1. > #use anova(object) to execute the Type I SS ANOVAs
  2. > #environment ANOVA
  3. > anova(lm(math ~ environment * instruction, dataTwoWayUnequalSample))
  4. > #instruction ANOVA
  5. > anova(lm(math ~ instruction * environment, dataTwoWayUnequalSample))

The Type I SS ANOVA results. Note the differences in main effects based on the ordering of the independent variables.

These results indicate statistically insignificant main effects for both the environment and instruction variables, as well as the interaction between them.

Unweighted Means

Now let's turn to using unweighted means, which essentially ignore the correlation between the independent variables that arise from unequal sample sizes. An unweighted mean is calculated by taking the average of the individual group means. Thus, we can derive our unweighted means by summing the means of each level of our independent variables and dividing by the total number of levels. For instance, to find the unweighted mean for environment, we will add the means for our offline and online groups, then divide by two.
  1. > #use mean(data) and subset(data, condition) to calculate the unweighted means for each treatment group
  2. > #offline unweighted mean = (classroom offline mean + tutor offline mean) / 2
  3. (mean(subset(offlineData$math, offlineData$instruction == "classroom")) + mean(subset(offlineData$math, offlineData$instruction == "tutor"))) / 2
  4. > #online unweighted mean = (classroom online mean + tutor online mean) / 2
  5. > (mean(subset(onlineData$math, onlineData$instruction == "classroom")) + mean(subset(onlineData$math, onlineData$instruction == "tutor"))) / 2
  6. > #classroom unweighted mean = (offline classroom mean + online classroom mean) / 2
  7. > (mean(subset(classroomData$math, classroomData$environment == "offline")) + mean(subset(classroomData$math, classroomData$environment == "online"))) / 2
  8. > #tutor unweighted mean = (offline tutor mean + online tutor mean) / 2
  9. > (mean(subset(tutorData$math, tutorData$environment == "offline")) + mean(subset(tutorData$math, tutorData$environment == "online"))) / 2

The unweighted means for the environment and instruction conditions

ANOVA using Type III Sums of Squares

When applying unweighted means, it is suggested that we use Type III sums of squares (SS) in our ANOVA. Type III SS can be set using the type argument in the Anova(mod, type) function, which is a member of the car package.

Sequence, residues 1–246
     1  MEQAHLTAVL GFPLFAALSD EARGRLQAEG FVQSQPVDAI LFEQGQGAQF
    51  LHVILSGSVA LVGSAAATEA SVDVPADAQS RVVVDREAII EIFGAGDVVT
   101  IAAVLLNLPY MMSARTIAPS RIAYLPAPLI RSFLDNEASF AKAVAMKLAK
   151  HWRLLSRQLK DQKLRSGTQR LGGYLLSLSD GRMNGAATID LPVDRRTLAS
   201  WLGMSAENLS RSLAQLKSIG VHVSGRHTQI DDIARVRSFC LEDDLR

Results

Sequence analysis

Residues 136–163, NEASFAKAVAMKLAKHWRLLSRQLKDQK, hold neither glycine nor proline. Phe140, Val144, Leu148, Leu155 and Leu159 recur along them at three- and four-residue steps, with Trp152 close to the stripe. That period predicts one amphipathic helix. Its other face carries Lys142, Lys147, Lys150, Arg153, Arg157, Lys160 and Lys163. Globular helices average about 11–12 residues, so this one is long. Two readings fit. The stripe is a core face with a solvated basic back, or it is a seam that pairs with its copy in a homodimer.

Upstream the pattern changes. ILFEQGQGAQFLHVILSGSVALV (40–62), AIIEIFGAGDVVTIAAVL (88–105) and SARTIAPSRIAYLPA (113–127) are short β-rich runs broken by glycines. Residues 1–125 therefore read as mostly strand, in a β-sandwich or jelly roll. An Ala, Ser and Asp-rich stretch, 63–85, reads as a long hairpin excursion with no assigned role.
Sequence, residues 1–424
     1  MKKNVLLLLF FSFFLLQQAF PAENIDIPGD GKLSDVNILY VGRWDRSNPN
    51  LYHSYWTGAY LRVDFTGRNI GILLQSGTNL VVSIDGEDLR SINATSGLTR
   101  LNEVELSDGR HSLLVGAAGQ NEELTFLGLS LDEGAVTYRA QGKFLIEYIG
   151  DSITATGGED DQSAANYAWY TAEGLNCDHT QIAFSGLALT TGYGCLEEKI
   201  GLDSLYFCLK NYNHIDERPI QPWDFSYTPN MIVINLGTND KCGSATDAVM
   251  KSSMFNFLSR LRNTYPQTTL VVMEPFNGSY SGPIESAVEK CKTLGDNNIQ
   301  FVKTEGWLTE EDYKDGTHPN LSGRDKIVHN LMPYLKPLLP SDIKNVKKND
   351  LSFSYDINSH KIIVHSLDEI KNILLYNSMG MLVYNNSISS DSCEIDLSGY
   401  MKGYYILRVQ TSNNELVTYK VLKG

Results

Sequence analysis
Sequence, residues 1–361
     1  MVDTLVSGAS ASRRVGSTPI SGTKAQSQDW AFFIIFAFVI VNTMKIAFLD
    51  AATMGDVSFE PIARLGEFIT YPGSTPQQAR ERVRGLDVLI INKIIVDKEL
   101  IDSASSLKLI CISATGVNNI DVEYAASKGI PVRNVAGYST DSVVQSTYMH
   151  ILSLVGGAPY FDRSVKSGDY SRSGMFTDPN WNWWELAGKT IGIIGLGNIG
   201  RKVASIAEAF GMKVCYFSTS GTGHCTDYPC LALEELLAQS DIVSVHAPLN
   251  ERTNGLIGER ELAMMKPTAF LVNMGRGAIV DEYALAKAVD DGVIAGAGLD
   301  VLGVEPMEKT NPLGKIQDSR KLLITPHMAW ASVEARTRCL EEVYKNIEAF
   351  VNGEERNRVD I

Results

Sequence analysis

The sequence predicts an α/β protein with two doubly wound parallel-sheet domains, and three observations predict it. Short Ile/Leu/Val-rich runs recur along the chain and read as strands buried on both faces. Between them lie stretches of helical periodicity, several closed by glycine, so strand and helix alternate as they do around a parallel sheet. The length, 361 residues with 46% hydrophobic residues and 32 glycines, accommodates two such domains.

1. > #load the car package (install first, if necessary)
  2. > library(car)
  3. > #use the Anova(mod, type) function to conduct the Type III SS ANOVA
  4. > Anova(lm(math ~ environment * instruction, dataTwoWayUnequalSample), type = "3")

The Type III SS ANOVA results.

Once again, our ANOVA results indicate statistically insignificant main effects for both the environment and instruction variables, as well as the interaction between them. However, it is worth noting that both the means and p-values are different when using unweighted means and Type III SS compared to weighted means and Type I SS. In certain cases, this difference can be quite pronounced and lead to entirely different outcomes between the two methods. Hence, choosing the appropriate means and SS for a given analysis is a matter that should be approached with conscious consideration.

Pairwise Comparisons

Note that since our independent variables contain only two levels, there is no need to conduct follow-up comparisons. However, should you reach this point with a statistically significant independent variable of more than three levels, you could conduct pairwise comparisons in the same manner as demonstrated in the Two-Way ANOVA with Comparisons tutorial.

Complete Two-Way ANOVA with Unequal Sample Sizes Example

To see a complete example of how two-way ANOVA with unequal sample sizes can be conducted in R, please download the two-way ANOVA with unequal sample sizes example (.txt) file.

Rarely is a customer population made up of a homogenous group of customers who share the same attributes.

Consequently, our samples contain a mix of customers who may or may not reflect the composition of the customer population.